It is not probable that all moral disorders could be cured by so simple a prescription as sugar, but it is probable that the removal of organic disorders would remove many of their concomitants—moral disorders.
We close our eyes to this. The reflected image of our scientific Zeitgeist is faint compared to the deep-set images of a dead timespirit. These images have their home in the traditions and superstitions of society. They are the reflection of ignorance, not of knowledge. They belong to a metaphysical rather than to an experimental age.
What are some of these images?
Baffling the clear recognition of cause and effect in the life of the child, there still lingers, and lingers persistently, that monstrous fiction of a diseased imagination which men call sin. It is the image reflected from a theological as opposed to a religious age. It is an obstacle in very truth, for it turns us away from causal terms to a false nomenclature and a false treatment. We say that a boy is bad when we ought to say that his life conditions are unfavorable; that his parents and teachers are unwise. It is difficult to search out the true cause of wrong action. It is easy to call it sin. This is a stubborn image. It persists, for it has back of it immense vested interests. We have in our midst a vast organization which rests its whole excuse for being upon the reality of sin. Its sole function is to circumvent this enemy, and conduct man to God and heaven. It would be disorganizing to admit that in all this it is fighting a poor human fetich, whose shadow obscures from humanity the gracious face of the Eternal. Yet to abandon this nightmare would simply be to return to the pure teaching of Socrates. The monstrous entity of sin had for him no real existence. He found in the world vast ignorance, and he fought it. Virtue he regarded as the fruit of knowledge, and he cultivated it.
Another hideous image comes to us from a vulgar and ascetic age. It regards the uncovered human body as an object of shame. With such immodest ideas of modesty we attempt the development of an organism which we keep studiously out of sight. Little Margaret is very picturesque in her quaint gown and big hat. They conceal the fact that her poor little body is stunted and undeveloped, and will but ill withstand the emotions and functions of womanhood. Brother Jack is also a lively figure in bright kilt skirt and velvet jacket. His neck is thin, but it is surrounded by a very broad linen collar. We look at that and find him charming. His little legs are slender as broomsticks, but they are in thick black hose, and the red kilt attracts the eye. We look at that and are satisfied. He is active and noisy. We take it for granted that he is getting on finely. Were he in the bath-tub, we should think otherwise. Later, Jack goes to college. He breaks down. His mother says it is overwork. But this is not the truth. The truth is that he has not the brain power to cope with normal intellectual tasks. The fault is elsewhere than with the curriculum. In all this, the image cast by prudery makes us horribly unscientific. Worse still, it makes us hopelessly vulgar.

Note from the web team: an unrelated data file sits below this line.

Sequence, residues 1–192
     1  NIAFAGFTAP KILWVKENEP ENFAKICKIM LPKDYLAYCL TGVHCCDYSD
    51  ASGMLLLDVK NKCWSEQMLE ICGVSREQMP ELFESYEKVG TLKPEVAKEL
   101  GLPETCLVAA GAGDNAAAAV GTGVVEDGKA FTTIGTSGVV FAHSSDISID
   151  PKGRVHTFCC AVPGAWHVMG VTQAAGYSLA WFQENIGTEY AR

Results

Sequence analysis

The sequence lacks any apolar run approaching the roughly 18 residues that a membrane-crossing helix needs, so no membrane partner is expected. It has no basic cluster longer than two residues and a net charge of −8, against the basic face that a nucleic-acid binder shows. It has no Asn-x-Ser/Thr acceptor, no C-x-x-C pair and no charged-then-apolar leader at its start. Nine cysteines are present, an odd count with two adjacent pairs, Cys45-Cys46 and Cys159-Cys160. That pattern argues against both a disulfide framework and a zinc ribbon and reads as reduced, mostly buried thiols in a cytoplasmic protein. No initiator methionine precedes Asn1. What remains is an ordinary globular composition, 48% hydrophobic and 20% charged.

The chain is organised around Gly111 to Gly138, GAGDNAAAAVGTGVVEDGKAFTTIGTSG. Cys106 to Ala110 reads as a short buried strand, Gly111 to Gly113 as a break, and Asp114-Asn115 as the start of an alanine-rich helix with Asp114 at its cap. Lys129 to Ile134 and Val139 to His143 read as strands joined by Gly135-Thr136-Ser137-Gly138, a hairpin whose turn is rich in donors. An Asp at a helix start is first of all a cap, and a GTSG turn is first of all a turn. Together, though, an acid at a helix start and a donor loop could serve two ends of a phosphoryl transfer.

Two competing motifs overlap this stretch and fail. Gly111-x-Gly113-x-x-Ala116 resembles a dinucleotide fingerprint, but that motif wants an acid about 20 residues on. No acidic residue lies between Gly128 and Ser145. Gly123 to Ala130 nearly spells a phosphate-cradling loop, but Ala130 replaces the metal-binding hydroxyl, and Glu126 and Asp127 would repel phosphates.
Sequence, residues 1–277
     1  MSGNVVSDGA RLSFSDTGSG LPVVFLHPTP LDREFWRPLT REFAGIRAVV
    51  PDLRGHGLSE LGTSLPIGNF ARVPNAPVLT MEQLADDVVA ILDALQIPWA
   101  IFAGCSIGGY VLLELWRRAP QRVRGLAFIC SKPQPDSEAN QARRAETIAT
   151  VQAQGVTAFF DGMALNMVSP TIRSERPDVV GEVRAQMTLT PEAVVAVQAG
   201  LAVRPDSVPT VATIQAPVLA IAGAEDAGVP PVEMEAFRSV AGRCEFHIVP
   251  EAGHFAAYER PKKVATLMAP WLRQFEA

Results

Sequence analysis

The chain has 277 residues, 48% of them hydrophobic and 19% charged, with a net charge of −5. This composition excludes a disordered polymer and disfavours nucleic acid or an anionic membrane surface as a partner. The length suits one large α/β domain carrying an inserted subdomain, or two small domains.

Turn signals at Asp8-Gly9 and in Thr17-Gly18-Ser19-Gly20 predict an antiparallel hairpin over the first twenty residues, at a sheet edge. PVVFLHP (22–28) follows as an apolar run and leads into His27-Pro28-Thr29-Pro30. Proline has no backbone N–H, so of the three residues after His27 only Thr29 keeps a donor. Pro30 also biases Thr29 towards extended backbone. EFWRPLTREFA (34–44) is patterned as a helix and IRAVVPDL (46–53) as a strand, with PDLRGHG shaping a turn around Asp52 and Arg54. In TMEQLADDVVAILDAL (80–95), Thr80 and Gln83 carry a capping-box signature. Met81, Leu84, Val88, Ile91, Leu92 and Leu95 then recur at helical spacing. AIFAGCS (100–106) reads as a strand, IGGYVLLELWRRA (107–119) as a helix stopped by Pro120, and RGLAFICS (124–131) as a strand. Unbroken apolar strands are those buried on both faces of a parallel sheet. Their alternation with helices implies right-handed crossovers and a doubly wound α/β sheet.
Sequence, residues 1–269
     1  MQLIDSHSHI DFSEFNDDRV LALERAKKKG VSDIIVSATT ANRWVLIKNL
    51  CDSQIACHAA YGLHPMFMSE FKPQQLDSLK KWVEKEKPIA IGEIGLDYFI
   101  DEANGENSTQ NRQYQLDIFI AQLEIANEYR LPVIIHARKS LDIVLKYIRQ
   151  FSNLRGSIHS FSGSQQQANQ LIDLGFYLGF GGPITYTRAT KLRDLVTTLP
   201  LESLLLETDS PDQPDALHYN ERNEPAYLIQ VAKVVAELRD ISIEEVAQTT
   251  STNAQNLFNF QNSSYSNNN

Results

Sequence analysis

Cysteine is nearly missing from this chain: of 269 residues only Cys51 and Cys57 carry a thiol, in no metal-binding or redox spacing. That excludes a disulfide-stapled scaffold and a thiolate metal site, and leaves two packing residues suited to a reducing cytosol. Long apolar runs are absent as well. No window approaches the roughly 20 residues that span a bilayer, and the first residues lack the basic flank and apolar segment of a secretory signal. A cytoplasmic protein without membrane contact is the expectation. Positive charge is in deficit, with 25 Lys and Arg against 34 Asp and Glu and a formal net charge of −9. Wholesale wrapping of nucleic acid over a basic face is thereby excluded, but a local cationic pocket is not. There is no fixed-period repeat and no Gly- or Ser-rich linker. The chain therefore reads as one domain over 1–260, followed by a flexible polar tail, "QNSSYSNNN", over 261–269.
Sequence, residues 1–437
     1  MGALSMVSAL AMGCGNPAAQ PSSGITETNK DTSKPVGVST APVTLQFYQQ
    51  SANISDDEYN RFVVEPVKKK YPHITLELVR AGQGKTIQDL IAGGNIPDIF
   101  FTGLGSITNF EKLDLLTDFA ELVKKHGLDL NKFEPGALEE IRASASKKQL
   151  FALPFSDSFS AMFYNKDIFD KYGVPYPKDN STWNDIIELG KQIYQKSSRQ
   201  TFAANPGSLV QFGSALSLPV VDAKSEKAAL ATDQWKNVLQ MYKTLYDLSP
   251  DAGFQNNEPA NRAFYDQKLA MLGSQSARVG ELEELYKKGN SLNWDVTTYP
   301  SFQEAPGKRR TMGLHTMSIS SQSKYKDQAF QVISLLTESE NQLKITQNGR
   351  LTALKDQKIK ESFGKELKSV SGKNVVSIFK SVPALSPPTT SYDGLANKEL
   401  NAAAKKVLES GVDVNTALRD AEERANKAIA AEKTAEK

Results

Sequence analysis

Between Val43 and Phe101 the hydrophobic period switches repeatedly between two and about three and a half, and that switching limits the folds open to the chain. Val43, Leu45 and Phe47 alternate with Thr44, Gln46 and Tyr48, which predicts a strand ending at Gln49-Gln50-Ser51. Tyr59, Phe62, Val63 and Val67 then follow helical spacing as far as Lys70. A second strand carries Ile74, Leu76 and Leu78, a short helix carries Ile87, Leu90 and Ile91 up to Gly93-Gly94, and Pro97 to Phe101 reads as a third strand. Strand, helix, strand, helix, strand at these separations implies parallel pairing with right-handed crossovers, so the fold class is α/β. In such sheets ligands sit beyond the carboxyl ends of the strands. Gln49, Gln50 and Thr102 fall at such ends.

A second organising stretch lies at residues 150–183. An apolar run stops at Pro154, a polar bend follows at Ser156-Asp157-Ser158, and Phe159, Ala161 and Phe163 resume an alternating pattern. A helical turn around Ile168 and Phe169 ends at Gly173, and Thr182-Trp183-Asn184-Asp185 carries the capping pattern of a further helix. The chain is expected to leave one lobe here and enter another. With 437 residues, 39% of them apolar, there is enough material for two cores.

These are but two out of a large and bad company of images which to-day obscure the reflection of science in education. They make difficult the recognition of the simple fact that the child is an organic unity; and they make practically impossible the development of any system of education based upon this truth. So long as we allow this obscurity, and persist in this blindness, we shall have no science of education, however many schoolhouses we may build, for we shall be steadily doing violence to a principle which may not be violated—the sequence of cause and effect.